The Icon of the Ladder of Divine Ascent is connected with the well-known spiritual classic book entitled The Ladder of Divine Ascent by Saint John Climacus, of the seventh century. His memory is celebrated on March 30 and on the Fourth Sunday of the Great Lent, and the icon is usually venerated in churches on the same days.

Contents

Design

In the icon, a ladder stands on the earth and reaches to Heaven. Monks are seen trying to climb the ladder, and winged demons are seen pulling them off. Over the top of the ladder is Christ, emerging from Heaven.

At the right side of the scene is shown a monastery building. Standing outside its door is St. John Climacus. His right hand points at the ladder and watching monks stand behind him. In his left hand he holds a scroll on which is written: "Ascend, ascend, Brethren."

In the top left corner, opposite the monastery, are angels shown clothed in light-colored garments and having large, strong wings.

Theology

St. John Climacus

St. John describes thirty stages of spiritual development in his book. He likens the stages to thirty steps upward on a ladder. The steps lead to theosis, the ultimate goal of the spiritual striver. The icon was inspired by this book.

Just as St. John's book, the icon stands as a witness to the violent effort needed for entrance into God's Kingdom. The spiritual struggle of Christian life is a real one, "not against flesh and blood, but against the rulers of the present darkness the hosts of wickedness in heavenly places" (Ephesians 6:12).

Ladder

The Ladder of St. John Climacus was inspired by the Ladder which the righteous Jacob saw in a dream. Jacob saw a ladder which rose from earth to Heaven, on which some angels were ascending and others were descending. His vision is described in the book of Genesis: "Jacob dreamed, and behold a ladder set up on the earth, and the top of it reached to Heaven, and the Angels of God were ascending and descending on it. And the Lord leaned upon it and said: I am the God of Abraham your father, and the God of Isaac; be not afraid.... And behold, I am with you, and will keep thee in all places wither thou goes" (Genesis 28:12-13, 15).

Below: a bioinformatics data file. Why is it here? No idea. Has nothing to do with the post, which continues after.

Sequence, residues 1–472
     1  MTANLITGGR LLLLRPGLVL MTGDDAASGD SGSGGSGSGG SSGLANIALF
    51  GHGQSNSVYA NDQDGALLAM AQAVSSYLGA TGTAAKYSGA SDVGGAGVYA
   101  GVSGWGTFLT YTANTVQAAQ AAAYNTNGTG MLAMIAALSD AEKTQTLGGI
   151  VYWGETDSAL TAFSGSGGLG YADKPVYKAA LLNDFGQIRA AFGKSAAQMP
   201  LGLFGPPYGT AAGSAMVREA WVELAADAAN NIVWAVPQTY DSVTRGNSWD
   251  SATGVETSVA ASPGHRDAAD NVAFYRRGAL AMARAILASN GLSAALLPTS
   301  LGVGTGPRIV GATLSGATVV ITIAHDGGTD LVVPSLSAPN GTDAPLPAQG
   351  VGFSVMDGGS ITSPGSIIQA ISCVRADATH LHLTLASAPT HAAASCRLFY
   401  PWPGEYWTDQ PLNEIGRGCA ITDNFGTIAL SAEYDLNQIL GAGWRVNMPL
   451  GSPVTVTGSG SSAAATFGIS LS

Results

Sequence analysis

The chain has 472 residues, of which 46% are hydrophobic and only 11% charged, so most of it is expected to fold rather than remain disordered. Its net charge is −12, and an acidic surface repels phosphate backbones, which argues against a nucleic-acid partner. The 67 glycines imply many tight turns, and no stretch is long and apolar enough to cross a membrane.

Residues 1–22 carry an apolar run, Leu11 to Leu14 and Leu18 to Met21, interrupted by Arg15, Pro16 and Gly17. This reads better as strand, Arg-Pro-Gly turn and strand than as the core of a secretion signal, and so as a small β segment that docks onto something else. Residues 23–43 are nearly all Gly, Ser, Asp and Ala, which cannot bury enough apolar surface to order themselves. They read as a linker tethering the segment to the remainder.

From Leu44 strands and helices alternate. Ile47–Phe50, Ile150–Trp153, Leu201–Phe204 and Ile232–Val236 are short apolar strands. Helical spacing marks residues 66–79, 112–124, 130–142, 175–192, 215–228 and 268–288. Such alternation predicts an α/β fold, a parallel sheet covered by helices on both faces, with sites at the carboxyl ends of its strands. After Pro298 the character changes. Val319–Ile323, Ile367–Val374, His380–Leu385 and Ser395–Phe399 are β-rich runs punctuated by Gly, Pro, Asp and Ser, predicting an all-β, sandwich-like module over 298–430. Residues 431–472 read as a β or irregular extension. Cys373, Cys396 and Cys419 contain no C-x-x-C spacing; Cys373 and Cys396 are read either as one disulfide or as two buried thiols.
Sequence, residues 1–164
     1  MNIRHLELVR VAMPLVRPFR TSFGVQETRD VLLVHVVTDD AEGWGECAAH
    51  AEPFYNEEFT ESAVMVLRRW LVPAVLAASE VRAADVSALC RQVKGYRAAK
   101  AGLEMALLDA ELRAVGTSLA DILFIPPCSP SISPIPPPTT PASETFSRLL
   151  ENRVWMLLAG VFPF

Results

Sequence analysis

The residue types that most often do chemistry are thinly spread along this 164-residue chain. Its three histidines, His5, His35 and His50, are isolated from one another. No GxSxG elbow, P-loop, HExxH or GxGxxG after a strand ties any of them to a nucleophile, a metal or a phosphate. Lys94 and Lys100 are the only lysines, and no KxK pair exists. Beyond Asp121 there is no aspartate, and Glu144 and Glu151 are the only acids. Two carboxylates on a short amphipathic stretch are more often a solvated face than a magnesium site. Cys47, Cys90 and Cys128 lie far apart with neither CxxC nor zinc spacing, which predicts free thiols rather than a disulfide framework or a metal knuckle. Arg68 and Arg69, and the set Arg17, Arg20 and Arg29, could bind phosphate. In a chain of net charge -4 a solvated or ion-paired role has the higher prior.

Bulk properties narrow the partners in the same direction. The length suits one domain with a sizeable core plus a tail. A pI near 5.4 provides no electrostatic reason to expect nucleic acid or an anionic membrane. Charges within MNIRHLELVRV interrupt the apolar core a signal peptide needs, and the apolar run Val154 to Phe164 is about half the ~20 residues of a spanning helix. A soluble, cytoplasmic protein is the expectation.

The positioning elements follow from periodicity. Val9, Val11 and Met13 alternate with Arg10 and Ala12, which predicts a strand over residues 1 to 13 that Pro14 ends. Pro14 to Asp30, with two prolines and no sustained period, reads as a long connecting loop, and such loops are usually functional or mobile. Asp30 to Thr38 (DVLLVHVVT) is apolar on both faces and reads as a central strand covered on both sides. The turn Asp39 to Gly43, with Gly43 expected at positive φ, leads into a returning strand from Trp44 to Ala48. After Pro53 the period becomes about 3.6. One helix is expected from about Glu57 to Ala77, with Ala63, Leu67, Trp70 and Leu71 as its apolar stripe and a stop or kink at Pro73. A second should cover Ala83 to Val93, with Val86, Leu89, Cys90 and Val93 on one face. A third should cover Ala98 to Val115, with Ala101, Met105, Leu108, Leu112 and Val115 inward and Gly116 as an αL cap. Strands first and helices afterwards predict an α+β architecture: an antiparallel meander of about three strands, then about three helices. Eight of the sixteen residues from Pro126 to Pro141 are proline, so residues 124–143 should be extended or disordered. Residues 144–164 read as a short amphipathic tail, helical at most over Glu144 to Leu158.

The ladder in this icon is sometimes depicted in such a way to express the idea that more effort is required for rising to the highest levels of spiritual development.

Christ from Heaven

With His right hand Christ blesses the monk who has climbed to the top of the ladder. The scroll in His left hand is symbolic of His Gospel.

Reaching this heaven is a heaven of the mind within the heart. Its effect is to sanctify the mind and to detach it from material things, and it does so in such a way, that after entering this heavenly harbor, a man, for most of his earthly life, is enraptured, like someone already in heaven, and he is lifted up to the contemplation of God.

Climbing monks

Below the victorious monk, there are other monks at various stages of ascent. Some stand on the ladder firmly, and are about to rise to the next rung. Others, however, are barely retaining their hold, as they are drawn by demons.

One of the monks has fallen off the ladder and is being swallowed by a dragon with wide open jaws.

Demons

The demons are flying at the ladder. The demons are depicted in order to remind the observer that they exist. Such evil spiritual beings, act upon us through mental suggestion and assaults. Their tails symbolize their fallen state, their animalistic state.

The demons also symbolize various sins. Saint John's book minutely analyzes the nature of the passions of pride, gluttony, lust, anger, despondency, malice, and so on.

Dragon

The dragon is used as a symbol of Hell.

Angels

Angels are viewed as real beings.

The angels also symbolize positive qualities, virtues, the opposites of the "passions," humility, temperance, chastity, gentleness, hope, love, etc.

External links